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Saturday, 15 June 2013

Blaine Harden - Escape from camp 14

reviewed live on book show Thurs 13th June by  Maggie Perkovic
The story of the only man to escape from prison in North Korea.
This is an incredible book. He was born in a vast gulag to a mother and father who came
together for about five days, to create another slave. When he was old enough he joined
the child workers who have to work under conditions that even Dickens would find
deplorable. Their clothing is minimum, they know nothing about life outside, the only music
is military, the only radio blares out political cant. Shin Dong Hyuk doesn't know about
love, he betrayed his own mother and her oldest son when he found out they were
trying to escape. That's what you learn to do in a Gulag, to save your own skin, tell tales
on your fellow prisoners. Unfortunately he was only thirteen, and the man he told, pretended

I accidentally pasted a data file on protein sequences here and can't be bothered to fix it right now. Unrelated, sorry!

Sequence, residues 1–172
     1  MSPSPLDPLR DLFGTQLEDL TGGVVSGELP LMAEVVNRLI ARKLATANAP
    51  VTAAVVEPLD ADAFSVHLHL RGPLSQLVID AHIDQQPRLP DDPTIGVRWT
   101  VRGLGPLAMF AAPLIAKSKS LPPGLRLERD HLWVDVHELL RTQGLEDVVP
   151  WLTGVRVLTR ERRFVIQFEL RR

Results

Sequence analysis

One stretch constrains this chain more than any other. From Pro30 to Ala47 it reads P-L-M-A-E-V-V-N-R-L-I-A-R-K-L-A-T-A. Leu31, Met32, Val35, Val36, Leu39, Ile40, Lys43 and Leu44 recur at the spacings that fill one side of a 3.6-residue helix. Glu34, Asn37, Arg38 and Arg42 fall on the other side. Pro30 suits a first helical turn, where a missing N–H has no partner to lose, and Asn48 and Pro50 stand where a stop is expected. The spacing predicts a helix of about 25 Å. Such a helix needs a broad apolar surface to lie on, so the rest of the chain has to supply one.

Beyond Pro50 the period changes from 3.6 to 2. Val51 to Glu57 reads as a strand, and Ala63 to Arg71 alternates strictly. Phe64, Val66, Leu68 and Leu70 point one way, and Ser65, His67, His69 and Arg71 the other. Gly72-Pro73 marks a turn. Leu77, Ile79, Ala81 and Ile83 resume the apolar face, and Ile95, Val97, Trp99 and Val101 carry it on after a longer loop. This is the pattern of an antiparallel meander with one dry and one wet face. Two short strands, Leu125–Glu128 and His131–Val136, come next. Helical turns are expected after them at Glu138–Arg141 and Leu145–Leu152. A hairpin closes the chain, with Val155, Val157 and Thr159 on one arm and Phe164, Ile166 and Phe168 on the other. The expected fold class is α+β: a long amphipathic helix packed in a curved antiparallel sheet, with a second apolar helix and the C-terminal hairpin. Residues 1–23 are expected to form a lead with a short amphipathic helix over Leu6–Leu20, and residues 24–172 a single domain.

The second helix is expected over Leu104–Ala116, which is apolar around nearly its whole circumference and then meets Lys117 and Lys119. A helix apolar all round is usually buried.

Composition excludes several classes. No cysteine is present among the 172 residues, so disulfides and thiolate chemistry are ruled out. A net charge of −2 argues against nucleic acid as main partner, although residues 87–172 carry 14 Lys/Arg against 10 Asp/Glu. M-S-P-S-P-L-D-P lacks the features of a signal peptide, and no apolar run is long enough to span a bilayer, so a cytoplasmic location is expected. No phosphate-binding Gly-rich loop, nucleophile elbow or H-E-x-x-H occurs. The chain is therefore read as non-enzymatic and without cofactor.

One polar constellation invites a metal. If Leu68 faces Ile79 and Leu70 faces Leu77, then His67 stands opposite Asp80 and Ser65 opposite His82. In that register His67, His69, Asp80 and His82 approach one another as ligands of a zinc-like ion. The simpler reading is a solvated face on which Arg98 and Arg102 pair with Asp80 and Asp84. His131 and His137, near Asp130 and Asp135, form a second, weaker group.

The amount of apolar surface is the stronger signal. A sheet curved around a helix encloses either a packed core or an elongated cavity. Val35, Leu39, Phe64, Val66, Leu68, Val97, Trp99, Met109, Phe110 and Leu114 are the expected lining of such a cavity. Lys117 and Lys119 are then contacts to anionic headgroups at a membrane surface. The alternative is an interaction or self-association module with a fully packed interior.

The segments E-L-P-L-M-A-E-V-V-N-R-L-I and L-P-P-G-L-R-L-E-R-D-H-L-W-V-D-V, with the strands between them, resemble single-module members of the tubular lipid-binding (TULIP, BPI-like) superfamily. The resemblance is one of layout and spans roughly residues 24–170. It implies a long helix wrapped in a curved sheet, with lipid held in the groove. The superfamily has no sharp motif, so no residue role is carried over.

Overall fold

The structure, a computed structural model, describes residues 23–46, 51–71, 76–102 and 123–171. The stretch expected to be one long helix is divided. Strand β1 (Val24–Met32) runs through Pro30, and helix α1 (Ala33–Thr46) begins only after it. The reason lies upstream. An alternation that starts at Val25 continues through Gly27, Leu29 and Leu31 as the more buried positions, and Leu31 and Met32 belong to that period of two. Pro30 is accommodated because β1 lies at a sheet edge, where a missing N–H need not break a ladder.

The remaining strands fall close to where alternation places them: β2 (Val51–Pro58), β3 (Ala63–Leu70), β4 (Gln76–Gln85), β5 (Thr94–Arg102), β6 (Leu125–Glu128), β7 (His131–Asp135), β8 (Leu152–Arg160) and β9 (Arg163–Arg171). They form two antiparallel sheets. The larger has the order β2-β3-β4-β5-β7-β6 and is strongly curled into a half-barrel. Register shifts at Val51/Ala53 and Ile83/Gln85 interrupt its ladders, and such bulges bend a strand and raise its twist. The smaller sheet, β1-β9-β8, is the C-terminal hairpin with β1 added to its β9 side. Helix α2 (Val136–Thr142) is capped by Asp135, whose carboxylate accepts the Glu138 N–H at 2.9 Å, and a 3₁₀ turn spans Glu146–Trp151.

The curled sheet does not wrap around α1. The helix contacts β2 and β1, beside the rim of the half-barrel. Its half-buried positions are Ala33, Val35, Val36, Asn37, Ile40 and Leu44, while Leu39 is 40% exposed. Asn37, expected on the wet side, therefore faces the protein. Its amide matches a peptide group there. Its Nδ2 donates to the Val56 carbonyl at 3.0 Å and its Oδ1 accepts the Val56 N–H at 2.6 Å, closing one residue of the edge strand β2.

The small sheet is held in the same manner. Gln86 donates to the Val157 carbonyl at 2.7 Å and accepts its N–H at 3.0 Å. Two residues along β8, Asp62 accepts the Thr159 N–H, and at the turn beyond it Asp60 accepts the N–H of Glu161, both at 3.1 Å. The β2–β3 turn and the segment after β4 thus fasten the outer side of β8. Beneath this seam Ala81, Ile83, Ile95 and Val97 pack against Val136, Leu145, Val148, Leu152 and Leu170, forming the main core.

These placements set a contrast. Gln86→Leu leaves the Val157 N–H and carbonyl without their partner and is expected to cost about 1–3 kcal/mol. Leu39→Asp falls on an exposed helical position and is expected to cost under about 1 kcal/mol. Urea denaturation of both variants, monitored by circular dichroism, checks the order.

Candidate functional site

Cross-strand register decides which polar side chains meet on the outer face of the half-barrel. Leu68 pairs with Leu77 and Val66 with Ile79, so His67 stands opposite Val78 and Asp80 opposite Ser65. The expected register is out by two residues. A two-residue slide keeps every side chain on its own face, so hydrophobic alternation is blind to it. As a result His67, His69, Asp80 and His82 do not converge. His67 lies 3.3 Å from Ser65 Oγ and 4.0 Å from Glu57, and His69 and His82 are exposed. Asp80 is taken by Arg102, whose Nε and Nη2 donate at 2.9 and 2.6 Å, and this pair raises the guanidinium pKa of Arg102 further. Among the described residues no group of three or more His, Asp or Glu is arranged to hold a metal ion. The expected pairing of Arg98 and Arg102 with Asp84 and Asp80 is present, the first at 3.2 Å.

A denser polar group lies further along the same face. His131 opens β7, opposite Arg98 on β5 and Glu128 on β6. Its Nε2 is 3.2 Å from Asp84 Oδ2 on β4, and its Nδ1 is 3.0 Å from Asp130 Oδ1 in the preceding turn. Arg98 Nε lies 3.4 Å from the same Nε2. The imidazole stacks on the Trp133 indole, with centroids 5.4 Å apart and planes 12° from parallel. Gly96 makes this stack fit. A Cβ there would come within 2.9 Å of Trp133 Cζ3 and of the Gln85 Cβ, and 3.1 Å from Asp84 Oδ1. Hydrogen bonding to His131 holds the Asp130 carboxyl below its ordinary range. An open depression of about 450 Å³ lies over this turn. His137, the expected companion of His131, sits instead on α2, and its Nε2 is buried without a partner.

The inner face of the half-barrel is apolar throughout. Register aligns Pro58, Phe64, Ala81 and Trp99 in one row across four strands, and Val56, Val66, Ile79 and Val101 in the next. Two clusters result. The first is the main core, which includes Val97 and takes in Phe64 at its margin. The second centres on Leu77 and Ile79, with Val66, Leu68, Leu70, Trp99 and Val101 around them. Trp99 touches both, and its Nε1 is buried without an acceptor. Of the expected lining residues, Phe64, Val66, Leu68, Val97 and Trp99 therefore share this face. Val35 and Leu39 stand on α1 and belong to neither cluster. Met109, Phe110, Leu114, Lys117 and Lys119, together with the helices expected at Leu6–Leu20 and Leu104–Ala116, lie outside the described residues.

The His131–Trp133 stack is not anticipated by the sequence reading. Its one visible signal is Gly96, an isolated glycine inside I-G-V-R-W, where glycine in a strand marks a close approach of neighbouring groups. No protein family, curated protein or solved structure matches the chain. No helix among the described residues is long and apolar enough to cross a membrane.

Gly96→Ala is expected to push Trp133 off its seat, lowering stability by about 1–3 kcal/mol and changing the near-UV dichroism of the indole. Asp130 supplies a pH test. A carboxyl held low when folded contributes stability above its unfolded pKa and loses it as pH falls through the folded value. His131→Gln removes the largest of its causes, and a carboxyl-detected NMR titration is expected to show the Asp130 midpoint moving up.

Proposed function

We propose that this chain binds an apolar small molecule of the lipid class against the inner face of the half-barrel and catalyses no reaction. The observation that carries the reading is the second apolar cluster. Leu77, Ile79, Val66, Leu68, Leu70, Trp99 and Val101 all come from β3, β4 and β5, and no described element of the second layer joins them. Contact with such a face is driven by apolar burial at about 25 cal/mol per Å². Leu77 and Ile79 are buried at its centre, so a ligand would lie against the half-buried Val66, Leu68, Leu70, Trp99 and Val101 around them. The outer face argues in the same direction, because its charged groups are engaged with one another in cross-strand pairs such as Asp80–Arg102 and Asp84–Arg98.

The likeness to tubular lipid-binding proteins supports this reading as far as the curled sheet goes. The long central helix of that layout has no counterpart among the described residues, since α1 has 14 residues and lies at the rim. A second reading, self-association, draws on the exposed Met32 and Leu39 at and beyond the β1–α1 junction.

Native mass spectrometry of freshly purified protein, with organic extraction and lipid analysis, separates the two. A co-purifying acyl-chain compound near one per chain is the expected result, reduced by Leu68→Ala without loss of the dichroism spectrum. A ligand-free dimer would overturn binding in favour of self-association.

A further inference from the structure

that he was the one who found out the secret plans, and Shin was punished with torture,
burnt, starved and thrown into a cell with no hope of an end to his torment.
He was taken to see his mother hung, his brother shot, but all he felt was
anger that he had been punished for their planned escape.
As he grew up he worked in different departments, one attending to sewing machines.
Accidentally dropping on by accident, he was punished with amputationof a finger.
So far so desperate, but in the first cell he meets an older man who tells him of
life outside. The man was there for ever for some offence, and wanted to pass
hope to the lad in case he ever escaped.
The next time he met a new internee was to change his life as they planned their
Blaine Hardern tells this story with compassion and integrity. He investigated his story
thoroughly, and explains that Shin with all that has happened to him is not
a particularly likeable person, but as a document of a country that has often been
in the news lately, this book taught me a lot about North Korea.
I recommend wholeheartedly.  Maggie Perkovic.

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